MAY I PAINT YOUR LADY?
August 7, 2011 § Leave a comment
I come bearing a history lesson…if you hate history then you can think of it more as a fun fact lesson.
The Victorian era is the most evident style that plagues San Francisco. The Victorian era occurred during the reign of Queen Victoria of England (1837-1901), and lasted beyond her death until the beginning of World War I in 1914. Queen Victoria identified herself with the middle class, so the furniture was made for the increasing middle class. Due to industrialization, the people were able to decorate with mass produced goods for the first time. These pieces mimicked costly materials without the same expense. The proportions are clumsy and have fantastic ornamentation. Dark woods and strong colors held the integrity of the furniture. The people wore more elegant clothing with lace and frills and they put an emphasis on fashion and proper demeanor which showed heavily in the architecture of this time.
Victorian homes were a symbol of taste and status. Four styles made up what was called “Victorian.” 1) Italianate 2) Second Empire 3) Stick-Eastlake 4)Queen Anne.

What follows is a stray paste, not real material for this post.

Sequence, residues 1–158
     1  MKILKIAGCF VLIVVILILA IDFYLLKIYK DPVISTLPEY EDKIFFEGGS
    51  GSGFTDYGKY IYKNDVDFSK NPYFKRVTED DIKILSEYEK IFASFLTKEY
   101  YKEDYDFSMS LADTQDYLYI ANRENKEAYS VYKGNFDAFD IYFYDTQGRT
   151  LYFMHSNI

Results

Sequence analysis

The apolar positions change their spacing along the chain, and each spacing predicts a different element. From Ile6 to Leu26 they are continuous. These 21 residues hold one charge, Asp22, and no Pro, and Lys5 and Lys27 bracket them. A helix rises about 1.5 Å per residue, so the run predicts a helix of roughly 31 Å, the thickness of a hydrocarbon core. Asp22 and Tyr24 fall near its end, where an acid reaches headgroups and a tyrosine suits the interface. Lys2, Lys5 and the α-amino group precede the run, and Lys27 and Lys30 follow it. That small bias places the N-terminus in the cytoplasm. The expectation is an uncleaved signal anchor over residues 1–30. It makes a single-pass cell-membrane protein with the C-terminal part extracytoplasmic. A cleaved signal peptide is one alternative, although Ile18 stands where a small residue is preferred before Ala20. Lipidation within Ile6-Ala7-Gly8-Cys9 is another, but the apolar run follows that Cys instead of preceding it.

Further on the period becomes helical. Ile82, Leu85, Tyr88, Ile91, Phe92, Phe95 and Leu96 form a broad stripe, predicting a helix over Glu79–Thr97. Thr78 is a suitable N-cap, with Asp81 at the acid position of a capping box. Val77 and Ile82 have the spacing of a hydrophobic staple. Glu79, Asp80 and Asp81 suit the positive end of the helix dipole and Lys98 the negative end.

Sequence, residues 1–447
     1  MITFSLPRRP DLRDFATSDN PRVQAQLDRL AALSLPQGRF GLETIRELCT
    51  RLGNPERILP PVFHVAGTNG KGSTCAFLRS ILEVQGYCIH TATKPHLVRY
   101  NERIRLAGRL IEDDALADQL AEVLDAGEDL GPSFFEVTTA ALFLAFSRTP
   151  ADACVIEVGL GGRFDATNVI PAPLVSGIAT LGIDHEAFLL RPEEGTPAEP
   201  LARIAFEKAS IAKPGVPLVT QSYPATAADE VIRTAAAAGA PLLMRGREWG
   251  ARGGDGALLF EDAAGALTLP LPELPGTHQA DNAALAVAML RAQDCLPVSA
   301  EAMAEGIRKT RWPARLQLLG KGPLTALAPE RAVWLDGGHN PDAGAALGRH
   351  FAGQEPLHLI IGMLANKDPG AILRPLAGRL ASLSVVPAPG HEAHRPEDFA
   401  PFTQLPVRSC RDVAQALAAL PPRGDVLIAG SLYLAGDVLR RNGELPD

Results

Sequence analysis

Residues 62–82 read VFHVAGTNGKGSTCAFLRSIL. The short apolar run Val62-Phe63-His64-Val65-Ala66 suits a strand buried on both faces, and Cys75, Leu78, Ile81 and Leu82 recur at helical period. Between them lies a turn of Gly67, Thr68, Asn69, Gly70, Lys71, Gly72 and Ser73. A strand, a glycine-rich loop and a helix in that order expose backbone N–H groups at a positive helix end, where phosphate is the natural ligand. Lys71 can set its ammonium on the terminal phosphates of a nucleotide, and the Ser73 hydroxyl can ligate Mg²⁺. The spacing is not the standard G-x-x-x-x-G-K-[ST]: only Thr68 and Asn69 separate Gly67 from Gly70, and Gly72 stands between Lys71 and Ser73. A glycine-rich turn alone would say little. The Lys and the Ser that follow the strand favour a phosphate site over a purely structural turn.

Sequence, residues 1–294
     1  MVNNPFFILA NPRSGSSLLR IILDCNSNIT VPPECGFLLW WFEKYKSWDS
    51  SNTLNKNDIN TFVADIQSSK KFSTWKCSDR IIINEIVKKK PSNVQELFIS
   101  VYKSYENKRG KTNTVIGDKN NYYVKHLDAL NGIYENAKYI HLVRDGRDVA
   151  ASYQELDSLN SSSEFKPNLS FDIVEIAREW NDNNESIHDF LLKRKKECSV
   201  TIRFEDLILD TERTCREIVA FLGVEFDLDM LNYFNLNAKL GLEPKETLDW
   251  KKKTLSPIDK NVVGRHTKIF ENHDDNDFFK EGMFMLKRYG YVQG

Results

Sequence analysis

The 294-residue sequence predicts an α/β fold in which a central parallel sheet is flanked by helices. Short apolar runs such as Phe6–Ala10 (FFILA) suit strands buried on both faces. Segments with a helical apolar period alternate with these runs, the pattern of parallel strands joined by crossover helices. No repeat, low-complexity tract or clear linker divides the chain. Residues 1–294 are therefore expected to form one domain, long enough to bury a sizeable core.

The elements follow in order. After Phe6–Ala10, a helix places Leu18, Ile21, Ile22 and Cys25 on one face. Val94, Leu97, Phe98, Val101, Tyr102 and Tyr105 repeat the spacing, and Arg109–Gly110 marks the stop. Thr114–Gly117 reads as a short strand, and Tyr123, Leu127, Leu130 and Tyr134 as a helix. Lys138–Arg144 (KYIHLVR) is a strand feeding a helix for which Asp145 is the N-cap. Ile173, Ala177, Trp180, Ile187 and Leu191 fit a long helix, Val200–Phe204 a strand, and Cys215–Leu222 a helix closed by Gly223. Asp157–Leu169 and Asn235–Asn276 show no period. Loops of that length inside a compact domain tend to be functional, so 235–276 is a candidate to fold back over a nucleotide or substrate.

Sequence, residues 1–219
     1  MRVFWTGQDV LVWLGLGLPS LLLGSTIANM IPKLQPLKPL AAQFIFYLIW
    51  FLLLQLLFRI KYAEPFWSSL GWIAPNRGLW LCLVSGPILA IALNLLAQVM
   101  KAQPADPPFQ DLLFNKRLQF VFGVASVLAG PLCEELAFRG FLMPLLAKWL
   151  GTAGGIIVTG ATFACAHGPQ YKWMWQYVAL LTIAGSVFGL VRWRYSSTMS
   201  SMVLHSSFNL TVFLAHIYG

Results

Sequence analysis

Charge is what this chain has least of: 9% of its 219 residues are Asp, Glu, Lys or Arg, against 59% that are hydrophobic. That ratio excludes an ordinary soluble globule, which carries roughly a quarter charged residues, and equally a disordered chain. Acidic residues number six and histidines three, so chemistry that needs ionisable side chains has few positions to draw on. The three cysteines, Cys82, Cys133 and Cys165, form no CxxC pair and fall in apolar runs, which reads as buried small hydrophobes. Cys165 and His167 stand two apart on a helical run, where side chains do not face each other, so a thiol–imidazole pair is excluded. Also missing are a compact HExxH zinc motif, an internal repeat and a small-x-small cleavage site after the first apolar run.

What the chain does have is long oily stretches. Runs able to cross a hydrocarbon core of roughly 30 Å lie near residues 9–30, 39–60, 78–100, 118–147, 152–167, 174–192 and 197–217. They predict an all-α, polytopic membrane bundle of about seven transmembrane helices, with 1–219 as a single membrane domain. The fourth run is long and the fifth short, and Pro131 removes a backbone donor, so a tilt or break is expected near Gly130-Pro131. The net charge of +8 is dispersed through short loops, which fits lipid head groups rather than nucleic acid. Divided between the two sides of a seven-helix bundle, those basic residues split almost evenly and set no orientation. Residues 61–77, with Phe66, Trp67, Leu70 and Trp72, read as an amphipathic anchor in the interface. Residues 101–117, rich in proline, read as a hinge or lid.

Following the Civil War, the homes left their simplicity behind and became more elaborate and flamboyant. The early homes were painted in white, beige or gray and in only one solid color. By 1887, other vibrant colors were being used to highlight the wooden decorations. Between 1870-1906 thousands of Victorian homes were built in San Francisco known as the “Painted Ladies.”
The three characteristics of a “Painted Lady” are: 1) painted in three or more colors that embellish 2) made of redwood 3) mass produced.
On Steiner Street, across from Alamo Square park are the most well known of the Victorian houses is “Postcard Row.” Built between 1892 and 1896 by Matthew Kavanaugh, they have appeared in an estimated 70 movies, TV programs, and ads, including in the opening credits of the series Full House.
Skateboard picture: abduzeedo